Hard disk drives (HDD) are electro-mechanical storage devices that use rotating magnetic media to store and retrieve electronic data. They were first developed by IBM in 1956 for the IBM 360 computer as the primary means to store large amounts of data. HDDs are now used in PCs, servers, external storage arrays and consumer devices.
The form factor of HDDs has been continuously shrinking, from the original 24 inch diameter drives to 5.25 drives in the 1990s to 3.5 inch or smaller today. HDDs come in three form factors today: 1) 3.5 inch used for desktops, servers, storage arrays and consumer electronics. 2) 2.5 inch used for notebooks, servers, storage arrays, portable electronics. 3) smaller than 1.8 inch used for portable electronics.
Inside the HDD
There are two main parts in a HDD, a base and a printed circuit board (PCB)
The HDD base contains mechnical parts. The magnetized data are stored inside the disks located in a HDD, and these disks are called platters (also known as “media” or “disks”). The platters consist of substrates and the media layer, which is thinly coated magnetic material (e.g. a ferrite compound) on the substrates (typically 10-20nm) and store the actual data. Due to the mechanical nature of HDDs, the platters have to be extremely smooth and flat, as uneven surfaces could lead to head crashes and cause the HDD to fail. This is becoming increasingly important, as technology advances have been increasing the rotation speed of platters and, at the same time, decreasing the gap between the platters and the heads. Aluminum substrates are mainly used in HDDs for desktops and servers, while glass substrates, which can be made thinner and are more heat-resistant, are used in HDDs for notebooks and other non-PC applications.
Most HDDs have at least two platters and the capacity of the drive increases as the number of platters increases. Each platter is magnetized on each side, so a HDD with two platters has four sides to store data. The platters are clamped to a rotating spindle that turns the platters in unison and a motor is mounted directly below the spindle and spins the platters at a constant rate from 3,600 RPM (energy-efficient portable devices) to 15,000 RPM (high-performance servers /storage systems).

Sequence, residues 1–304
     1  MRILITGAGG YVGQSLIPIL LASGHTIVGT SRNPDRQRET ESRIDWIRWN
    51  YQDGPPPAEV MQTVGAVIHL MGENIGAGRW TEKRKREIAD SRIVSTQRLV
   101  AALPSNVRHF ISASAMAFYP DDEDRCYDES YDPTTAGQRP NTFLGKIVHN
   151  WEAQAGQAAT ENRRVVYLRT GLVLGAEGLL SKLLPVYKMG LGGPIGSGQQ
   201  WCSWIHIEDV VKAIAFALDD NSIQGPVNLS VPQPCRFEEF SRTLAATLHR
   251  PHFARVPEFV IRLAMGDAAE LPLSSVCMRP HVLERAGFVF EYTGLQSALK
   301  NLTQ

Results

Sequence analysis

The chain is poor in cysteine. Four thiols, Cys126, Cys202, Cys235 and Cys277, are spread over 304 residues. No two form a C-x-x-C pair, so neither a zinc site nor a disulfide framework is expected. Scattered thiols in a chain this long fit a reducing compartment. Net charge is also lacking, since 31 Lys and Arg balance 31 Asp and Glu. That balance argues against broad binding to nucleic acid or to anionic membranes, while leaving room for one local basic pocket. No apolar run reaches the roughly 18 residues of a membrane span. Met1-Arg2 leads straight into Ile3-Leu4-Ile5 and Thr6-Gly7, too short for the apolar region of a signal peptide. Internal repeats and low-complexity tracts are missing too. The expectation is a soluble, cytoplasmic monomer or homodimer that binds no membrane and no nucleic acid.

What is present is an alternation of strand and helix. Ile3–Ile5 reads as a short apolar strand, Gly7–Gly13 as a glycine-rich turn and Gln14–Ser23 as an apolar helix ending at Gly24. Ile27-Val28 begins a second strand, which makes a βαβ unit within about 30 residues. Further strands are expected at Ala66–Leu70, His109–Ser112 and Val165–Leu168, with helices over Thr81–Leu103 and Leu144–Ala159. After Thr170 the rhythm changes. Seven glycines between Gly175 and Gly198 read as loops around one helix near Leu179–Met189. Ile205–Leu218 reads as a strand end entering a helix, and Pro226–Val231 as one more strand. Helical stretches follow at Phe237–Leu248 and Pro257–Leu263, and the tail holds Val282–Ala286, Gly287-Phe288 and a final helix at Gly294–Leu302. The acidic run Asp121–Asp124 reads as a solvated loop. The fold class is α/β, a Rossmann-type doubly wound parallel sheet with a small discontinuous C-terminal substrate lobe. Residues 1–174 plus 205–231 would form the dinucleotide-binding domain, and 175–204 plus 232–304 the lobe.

As the platters are spun by the motor, heads read and write data to the platters. There is typically one head per platter side, and they are attached to an actuator arm (head actuator), which moves the heads around the platters.
The PCB consists of several electronic components, including: (1) a Micro Controller Unit (MCU), which makes all calculations and converts signals during the read/write process; (2) a memory chip, which is used as a cache; (3) a Voice Coil Motor controller (VCM controller), which controls spindle motor rotation and movements of heads; (4) a flash chip, which stores part of the drive’s firmware (along with MCU); (5) a shock sensor, which detects excessive shock applied to the drive and send a signal to VCM controller; and (6) a Transient Voltage Suppression diode (TVS diode), which protects the PCB from power surges from external power supply.
Overview of HDD supply chain
HDD components and finished HDD products are small and lightweight, and the associated transportation cost is low. As a result, the HDD industry’s production process is divided into several stages, and each of these production processes is done in different countries, mostly in Asia. The figure below illustrates a simplified manufacturing process for HDDs.
Asia accounts for the entire finished HDD units manufactured, with Thailand accounting for around half of global HDD production, followed by China (30%, driven by better access to PC contract manufacturers in China), Malaysia (12%) and Philippines (5%).
Looking back, the evolution of the HDD industry in Asia started in Singapore, as Singapore had a number of location advantages for the HDD industry such as a tax incentive in the form of a full tax exemption for typically five years, and knowledgeable suppliers and labor. A number of semiconductor companies such as National Semiconductor and Texas Instruments had already shifted their production to Singapore in 1960s, developing adjacent IT industries in the region.
Starting in the 1980s, HDD companies gradually moved their lower-end manufacturing facilities from Singapore to other lower-cost countries in Asia such as Malaysia, Thailand, and more recently, China, as a labor supply shortage in Singapore began to increase labor wages in the region. Specifically, Thailand’s promotion of foreign investment through various investment incentives (e.g. a full tax exemption for 3-8 years) in the 1980s, and Seagate’s decision to shift some of its assembly facilities to Thailand, catalyzed other companies to follow shortly.
HDD component suppliers & capital equipment manufacturers
HDD component vendors design and manufacture mechanical / semiconductor components for HDD vendors. It is important to note that HDD vendors have been satisfying an increasing portion of their key component needs in-house to prevent any disruption in component supply and achieve higher profitability through vertical integration. For example, Seagate, HGST, and Western Digital procure some or most of head, substrate, and finished media in-house today. In addition, finished HDD assembly is often outsourced to the other HDD supply chain companies. For example, TDK/SAE is responsible for manufacturing finished HDD products for Samsung (90%+ of Samsung’s monthly production capacity) and Toshiba (15% of Toshiba’s monthly production capacity).
There are a number of equipment manufacturers for HDD vendors that design and manufacture capital equipment. For example, Intevac and Anelva produce sputtering systems that deposit alloy films onto substrates. Xyratex and Teradyne manufacture automated testing/inspection systems in the areas of disk assembly, head fabrication, and substrate/media manufacturing